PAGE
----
Emotions and Mental Health
Breckenridge and Vincent(1981) said that the emotional well-being is a primary factor in a child’s mental and personality development. A child inherits not only physical structure but also the psychological structures of emotional and mental potentiality called PSYCHOLOGICAL CONSTITUTION.
This world is a complex place to live in. The tempo of change is fast and sometimes drastic. Changes may be in terms of technology, population explosion, politics, educational growth, or moral values. The emotional coping mechanisms of people toward change need a high degree of resiliency and tolerance. As there is the constant need for the coping skill; it is in this regard that the psychological constitution of a man is put to the test.
Abraham Sperling, (1976) defines an emotion as a “state of agitation,” “distribution of equlibrium,” “an intense, random and disorganized response to a stimulus.”
A person without emotional stress is calm and serene. Emotional stimulus and instigation are but normal occurences in this excitable world. It is only when one’s feeling and emotions are excessive that emotions become detrimental. Negative and positive emotions must be in moderation if they are to influence and pervade our behavior, health, and personality.
John B. Watson, the behaviorist, claimed that fear, rage, and love are the three basic emotions around which complex adult emotions were evolved. A child is born with emotions of fear for noise, strange men, animals, dark places, and high places. The inborn reactions of rage respond to a particular stimuli of unpleasantness in the environment.
The infant’s response to hunger , pain, restraint, or falling is called anger or rage. The pleasant stroking of the mother, the family’s smiles and kisses and giving of comfort develop the love instincts of the child. All through the years of caring, attachment between the family and the child develops.
Basically, emotions are instincts. The instincts to live and to survive lead the new-born baby to grope for his food from yhe mother’s breast even if no one teaches him. He will suck anything put into his mouth in order to live. From his crib, he will show contentment when physiologically satisfied; anger overwhelms him when his needs and wants are not met. In a young child, jealousy may take the form of bed-wetting , pretense of illness, refusal to eat, sucking of the thumb, or ignoring others. In an older child, the negative effects of jealousy are quarreling, teasing, gossiping, boasting, ridicule, and sarcasm. Each child utilizes the method that gives him the greatest satisfaction. During childhood when his toys are lost or destroyed, he will show hatred toward his playmates but he can display appreciation, admiration, and love to people who are kind to him.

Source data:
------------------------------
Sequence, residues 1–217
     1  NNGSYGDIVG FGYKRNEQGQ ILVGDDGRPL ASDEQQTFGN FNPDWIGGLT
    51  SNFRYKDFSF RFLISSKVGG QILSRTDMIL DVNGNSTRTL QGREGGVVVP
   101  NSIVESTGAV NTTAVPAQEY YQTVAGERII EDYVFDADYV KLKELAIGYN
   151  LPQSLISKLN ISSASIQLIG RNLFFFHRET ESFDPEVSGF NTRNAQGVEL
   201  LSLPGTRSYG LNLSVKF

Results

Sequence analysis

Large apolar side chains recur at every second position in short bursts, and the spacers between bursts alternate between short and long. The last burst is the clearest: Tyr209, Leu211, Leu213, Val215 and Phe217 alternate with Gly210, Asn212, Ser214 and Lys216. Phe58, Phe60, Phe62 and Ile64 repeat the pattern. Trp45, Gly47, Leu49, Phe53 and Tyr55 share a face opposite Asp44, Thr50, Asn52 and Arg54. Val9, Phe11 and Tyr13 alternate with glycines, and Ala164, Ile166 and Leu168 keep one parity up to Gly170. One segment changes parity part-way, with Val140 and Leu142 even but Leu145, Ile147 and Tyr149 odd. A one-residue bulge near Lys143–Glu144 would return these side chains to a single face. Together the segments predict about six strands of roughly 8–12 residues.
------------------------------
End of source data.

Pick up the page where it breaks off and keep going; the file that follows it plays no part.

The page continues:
Adolescence is the stage when he experiences the first taste of love. Sometimes it is devastating to someone when love becomes an experience of bitterness.
The importance of play to children cannot be underestimated. They are the vehicles for releasing tensions. When a child plays, he is given the opportunity to release fear, resentment, and frustrations resulting from parental prohibitions and control.
Are facial expressions accurate indicators of emotions? Although there are facial expressions for each kind of emotion, they are not however dependable indicators of emotions. Some people are so happy that tears flow from their eyes, while some people, in spite of internal grief during the burial of a love one, cannot cry. Some magnify their emotions by exaggerating their reactions through facial expressions, while others hide their emotions by inhibiting their feelings.
Emotions and Feelings Differentiated
Feelings and emotions are moving powers of human beings. Anxieties, enthusiasm, apprehension, desires, and the pleasantness and unpleasantness of life experiences elicit the powers of emotion. Positive emotions...
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